Sep 29, 2013; Cleveland, OH, USA; Cleveland Browns wide receiver Josh Gordon (12) gets tackled by a gang of Cincinnati Bengals during the fourth quarter at FirstEnergy Stadium. Browns beat the Bengals 17-6. Mandatory Credit: Raj Mehta-USA TODAY Sports

Details Emerge Of Josh Gordon's Bad-Luck Urine Sample

According to a source cited by Pro Football Talk’s Mike Florio, Josh Gordon passed at least 70 drug tests during the past year. All came back clean, except for one that “barley generated a positive.”

What does that all mean?

When the NFL collects urine samples, the collector takes two cups of urine. One cup is labeled “A,” and the other cup is labeled “B”. Unfortunately for Josh Gordon, lady luck wasn’t riding shotgun at the test.

By a 50-50 chance, one of the urine samples was designated as cup “A.” It was tested and showed a concentration of 16 ng/ml, only one nanogram per milliliter above the limits of 15.  The other cup was designated cup “B,” and it showed a concentration of 13.6 ng/ml, which is less than the threshold.

But because cup “A” was tested first, the league was prepared to issue a minimum one-year suspension. If, in some random twist of fate, the collector would have labeled cup “A” as “B,” and “B” as “A,” this wouldn’t be news, because Gordon would have passed, no questions asked.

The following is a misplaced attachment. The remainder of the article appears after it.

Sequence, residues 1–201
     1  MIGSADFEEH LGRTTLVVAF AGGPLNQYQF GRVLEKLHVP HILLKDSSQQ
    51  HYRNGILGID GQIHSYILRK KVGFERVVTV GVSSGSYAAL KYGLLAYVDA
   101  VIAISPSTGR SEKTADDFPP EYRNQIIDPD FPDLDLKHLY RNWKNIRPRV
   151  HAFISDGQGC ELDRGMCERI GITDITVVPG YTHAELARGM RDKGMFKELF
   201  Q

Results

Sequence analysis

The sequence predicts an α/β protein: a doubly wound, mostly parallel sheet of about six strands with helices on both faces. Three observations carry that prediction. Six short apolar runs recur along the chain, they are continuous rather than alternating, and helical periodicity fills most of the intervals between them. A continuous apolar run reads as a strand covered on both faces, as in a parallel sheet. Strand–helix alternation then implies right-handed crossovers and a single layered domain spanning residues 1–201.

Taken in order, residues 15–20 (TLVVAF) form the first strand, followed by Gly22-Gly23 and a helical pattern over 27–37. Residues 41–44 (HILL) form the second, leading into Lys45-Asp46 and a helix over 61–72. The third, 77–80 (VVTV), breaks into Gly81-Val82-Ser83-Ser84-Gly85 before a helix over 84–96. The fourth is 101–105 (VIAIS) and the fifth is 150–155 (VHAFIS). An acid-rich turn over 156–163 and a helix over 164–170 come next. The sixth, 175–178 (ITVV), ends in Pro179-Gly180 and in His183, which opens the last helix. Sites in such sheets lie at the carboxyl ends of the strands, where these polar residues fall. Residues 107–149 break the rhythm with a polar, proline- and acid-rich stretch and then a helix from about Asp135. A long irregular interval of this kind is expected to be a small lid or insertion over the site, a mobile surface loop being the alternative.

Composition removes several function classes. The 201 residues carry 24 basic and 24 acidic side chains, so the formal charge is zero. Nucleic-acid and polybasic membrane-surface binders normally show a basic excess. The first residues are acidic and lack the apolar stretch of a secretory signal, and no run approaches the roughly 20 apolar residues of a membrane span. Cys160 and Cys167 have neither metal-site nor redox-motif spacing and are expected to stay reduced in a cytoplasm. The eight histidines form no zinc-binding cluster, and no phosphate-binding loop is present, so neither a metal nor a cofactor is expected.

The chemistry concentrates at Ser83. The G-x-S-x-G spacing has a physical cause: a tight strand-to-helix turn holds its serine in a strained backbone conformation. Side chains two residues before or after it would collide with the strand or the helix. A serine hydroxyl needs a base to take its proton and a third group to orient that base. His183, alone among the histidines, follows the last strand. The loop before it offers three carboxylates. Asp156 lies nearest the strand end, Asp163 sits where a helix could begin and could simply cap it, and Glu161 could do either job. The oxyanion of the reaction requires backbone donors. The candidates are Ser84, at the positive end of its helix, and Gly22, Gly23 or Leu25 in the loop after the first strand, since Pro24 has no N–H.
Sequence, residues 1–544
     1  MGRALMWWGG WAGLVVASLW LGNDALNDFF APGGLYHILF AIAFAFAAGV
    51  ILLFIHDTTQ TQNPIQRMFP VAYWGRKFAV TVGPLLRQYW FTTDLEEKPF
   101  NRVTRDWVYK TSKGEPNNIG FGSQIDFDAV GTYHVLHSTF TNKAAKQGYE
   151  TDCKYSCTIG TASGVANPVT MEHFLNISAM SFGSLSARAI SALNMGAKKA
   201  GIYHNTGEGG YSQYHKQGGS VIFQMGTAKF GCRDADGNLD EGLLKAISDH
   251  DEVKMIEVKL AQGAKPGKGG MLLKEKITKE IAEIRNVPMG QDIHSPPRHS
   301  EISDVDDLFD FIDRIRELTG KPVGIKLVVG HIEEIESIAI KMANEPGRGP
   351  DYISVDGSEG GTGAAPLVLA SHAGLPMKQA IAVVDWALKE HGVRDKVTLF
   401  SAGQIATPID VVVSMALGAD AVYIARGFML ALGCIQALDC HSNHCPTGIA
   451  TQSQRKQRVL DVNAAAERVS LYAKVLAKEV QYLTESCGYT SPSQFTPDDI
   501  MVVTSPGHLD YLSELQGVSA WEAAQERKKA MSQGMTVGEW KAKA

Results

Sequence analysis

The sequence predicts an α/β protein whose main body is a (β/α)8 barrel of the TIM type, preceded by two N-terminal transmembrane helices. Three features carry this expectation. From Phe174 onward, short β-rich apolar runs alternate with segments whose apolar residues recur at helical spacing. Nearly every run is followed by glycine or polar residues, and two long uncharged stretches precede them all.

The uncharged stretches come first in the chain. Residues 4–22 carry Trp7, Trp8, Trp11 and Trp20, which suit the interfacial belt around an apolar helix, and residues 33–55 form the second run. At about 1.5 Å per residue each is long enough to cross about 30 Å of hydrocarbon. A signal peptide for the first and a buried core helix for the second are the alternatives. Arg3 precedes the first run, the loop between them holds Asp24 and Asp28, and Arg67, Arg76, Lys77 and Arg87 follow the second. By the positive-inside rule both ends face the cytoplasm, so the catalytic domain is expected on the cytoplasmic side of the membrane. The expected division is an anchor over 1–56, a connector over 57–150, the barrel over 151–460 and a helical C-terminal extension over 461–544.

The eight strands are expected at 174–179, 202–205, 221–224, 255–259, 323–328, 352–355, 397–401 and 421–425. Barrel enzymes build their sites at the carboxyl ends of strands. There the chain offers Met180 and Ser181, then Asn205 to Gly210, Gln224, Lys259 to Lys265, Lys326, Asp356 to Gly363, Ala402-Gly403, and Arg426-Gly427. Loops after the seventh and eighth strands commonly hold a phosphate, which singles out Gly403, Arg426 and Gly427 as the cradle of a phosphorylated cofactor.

As Florio put it: “Flip the bottles when it’s time to apply the labels, and Gordon isn’t facing a suspension.”

Gordon will argue that the failed test was a result of “second-hand smoke,” according to ESPN’s Adam Schefter.

Gordon may think he can beat the test, evidenced by his hiring of the attorney who got Richard Sherman out of a four-game suspension in 2012.

Factory’s Co-Editor Jared Mueller was on the collection side of drug testing for years in Ohio in his work as a counselor. He tweeted that the second test verification is vital to Gordon’s case, and that if two tests contradict, another sample is usually taken.

While a lot of Browns fans are encouraged they may get to see Gordon on the field in 2014, some in the media are weary.

NFL personality Benjamin Allbright said Browns fans shouldn’t overestimate Gordon’s chance of appeal.

Others, including Mike Krupka of Dawgs By Nature, believe the NFL doesn’t “have a leg to stand on.”

When Gordon’s appeal is heard Aug. 1, it will be interesting to see if the league will be more lenient after giving itself a black eye for only issuing a two-game suspension to Ravens’ running back Ray Rice for domestic violence.

As Florio concluded: “The NFL clearly got it wrong with Ray Rice.  The NFL has a chance to get it right with Josh Gordon.”

Gordon was arrested for OVI in North Carolina earlier in the month. That legal issue isn’t supposed to weigh in on his appeal, according to Schefter.

Will the Browns have Josh Gordon at some point in 2014?

Tags: Cleveland Browns Josh Gordon Nfl Pro Football Talk Urine Sample

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